artistry-alchemyConfessions of an Inadvertent House-Flipper

“The time had come for me to leave my city-home of ten years running. I didn’t exactly have a plan. No, actually I had lots of them. I would adopt a new vision every few days and in the process, lose momentum and faith in the other mutually exclusive schemes. I was spinning my wheels and exhausting myself in mental expenditure. I didn’t know where I was going, but just knew I had to leave. Blaming my immediate environment for the discomfort and lack of direction in my life seemed like the reasonable thing to do. And since I had no dependents, midlife crisis was a relatively victimless crime.

“My house had been a great source of emotional-financial security, a social mecca, and above all my canvas—but alas, an immoveable one. I’d rearranged nearly every molecule of it with my own bare (okay, gloved) hands, obsessively remodeling it with salvaged materials and bricolage flair. People were routinely blown away by the intricate detail and originality of the designs, insisting that widespread “eco-home” publicity was in order.

Read more in the critically acclaimed memoir, “What I Did On My Midlife Crisis Vacation,” a Hay House Insights Non-Fiction Finalist.

“Excruciating as it was to abandon that wonderland, I almost felt like I had no choice in the matter. As if the urgency of change was some ginormous unstoppable boulder capable of crushing everything in its path—my attachment to it drawn out like taffy to a mere flimsy piece of twine that snapped under the weight of the thing. For a while I held on futilely to the severed cord, looking on in horror at its demise like a child whose prized kite had just been plundered by the elements.

“There is much to learn from letting go. I had to make the process the most enjoyable part, rather than the product. Still, there was a grieving period. But unlike losing a person to death, my loss had been self-determined. Clearly I needed to consciously release my regret. When an outraged friend called to inform me that the home’s new owner flippantly tore out every shred of my handiwork, I couldn’t allow myself to be distraught for long. Besides, something strange and wonderful happened after I hung up the phone.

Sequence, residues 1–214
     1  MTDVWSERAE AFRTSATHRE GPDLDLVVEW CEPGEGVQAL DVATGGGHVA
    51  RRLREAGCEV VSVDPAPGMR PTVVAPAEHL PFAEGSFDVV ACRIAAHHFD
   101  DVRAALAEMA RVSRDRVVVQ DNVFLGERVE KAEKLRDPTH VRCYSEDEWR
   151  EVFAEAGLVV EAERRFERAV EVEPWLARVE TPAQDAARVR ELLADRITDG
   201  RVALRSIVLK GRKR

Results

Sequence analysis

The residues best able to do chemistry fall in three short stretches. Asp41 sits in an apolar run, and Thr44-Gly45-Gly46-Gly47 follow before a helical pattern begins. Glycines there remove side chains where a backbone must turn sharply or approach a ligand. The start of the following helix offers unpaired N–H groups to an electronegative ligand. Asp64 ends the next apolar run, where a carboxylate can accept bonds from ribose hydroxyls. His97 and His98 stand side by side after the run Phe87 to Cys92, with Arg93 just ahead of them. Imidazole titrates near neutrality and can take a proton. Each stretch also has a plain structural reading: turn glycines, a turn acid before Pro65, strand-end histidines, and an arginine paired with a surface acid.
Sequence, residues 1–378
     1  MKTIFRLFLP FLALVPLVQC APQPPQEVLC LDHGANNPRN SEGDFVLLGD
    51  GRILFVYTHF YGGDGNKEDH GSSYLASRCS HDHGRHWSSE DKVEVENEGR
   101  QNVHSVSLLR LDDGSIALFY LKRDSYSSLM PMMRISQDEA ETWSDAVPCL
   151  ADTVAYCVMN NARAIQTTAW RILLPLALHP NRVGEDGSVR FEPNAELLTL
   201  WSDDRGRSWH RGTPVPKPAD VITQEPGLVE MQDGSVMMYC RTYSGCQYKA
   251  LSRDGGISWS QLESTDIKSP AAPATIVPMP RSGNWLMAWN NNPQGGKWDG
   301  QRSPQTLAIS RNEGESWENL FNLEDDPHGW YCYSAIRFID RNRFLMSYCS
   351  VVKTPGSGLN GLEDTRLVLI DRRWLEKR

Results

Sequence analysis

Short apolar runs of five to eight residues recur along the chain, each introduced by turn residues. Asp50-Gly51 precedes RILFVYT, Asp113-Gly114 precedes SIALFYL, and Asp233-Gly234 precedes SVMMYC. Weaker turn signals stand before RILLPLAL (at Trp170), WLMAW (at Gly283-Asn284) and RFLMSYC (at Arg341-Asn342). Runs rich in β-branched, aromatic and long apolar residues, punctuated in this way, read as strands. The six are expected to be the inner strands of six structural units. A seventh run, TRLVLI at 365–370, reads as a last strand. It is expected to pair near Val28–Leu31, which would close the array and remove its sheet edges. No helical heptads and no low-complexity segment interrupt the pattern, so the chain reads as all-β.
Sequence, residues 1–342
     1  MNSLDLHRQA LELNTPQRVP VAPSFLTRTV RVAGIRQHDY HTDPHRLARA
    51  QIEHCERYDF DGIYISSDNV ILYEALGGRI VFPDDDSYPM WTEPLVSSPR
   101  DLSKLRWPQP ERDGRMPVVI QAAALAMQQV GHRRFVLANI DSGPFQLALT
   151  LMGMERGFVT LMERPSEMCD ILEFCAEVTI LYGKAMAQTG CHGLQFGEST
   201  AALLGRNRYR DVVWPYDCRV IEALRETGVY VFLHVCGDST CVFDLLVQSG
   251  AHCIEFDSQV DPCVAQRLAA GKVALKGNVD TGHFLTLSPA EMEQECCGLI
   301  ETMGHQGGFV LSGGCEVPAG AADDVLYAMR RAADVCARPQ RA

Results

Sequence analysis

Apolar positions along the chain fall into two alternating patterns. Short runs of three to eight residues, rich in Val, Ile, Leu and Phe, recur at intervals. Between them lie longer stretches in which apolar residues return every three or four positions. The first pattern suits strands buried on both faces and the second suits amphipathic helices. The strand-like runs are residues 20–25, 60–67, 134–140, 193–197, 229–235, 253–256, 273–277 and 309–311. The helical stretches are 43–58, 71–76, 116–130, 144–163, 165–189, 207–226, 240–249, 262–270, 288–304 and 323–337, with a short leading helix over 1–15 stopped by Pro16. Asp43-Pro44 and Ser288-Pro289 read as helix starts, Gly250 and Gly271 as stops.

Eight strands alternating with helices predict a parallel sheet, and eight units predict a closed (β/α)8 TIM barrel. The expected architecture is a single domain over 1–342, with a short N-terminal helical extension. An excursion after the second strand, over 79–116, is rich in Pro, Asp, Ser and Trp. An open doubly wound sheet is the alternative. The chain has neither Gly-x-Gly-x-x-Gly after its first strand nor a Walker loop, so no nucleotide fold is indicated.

My CD player was malfunctioning. It wasn’t set to “repeat,” and yet. . .  it was playing the same Matthew Sweet song over again. The lyrics went: “I tried to hang on to the past, but I couldn’t keep my grasp because nothing lasts.” The only sane choice is to let go and make way for the next phase. I was alchemizing my consciousness, just as I’d transformed those ramshackle buildings into artful domiciles.

Change is inevitable. But how we deal with it determines our emotional experience of it. I always find it helpful to remember that this human lifetime is but the blink of an eye to an infinite spirit-being. And infinite spirit-beings are exactly who we are.



Some fun Before-and-After pics:

willis-kitchen-before willis-kitchen-after
bathroom-before bathroom-after
back-of-house-before back-of-house-after
nook-before nook-after
kitchen-before kitchen-after
bath1-before bath1-after
bath2-before bath2-after

Would you like more inspiring pictures and a super inspiring short story? Check out this True Tale of Tile Magic!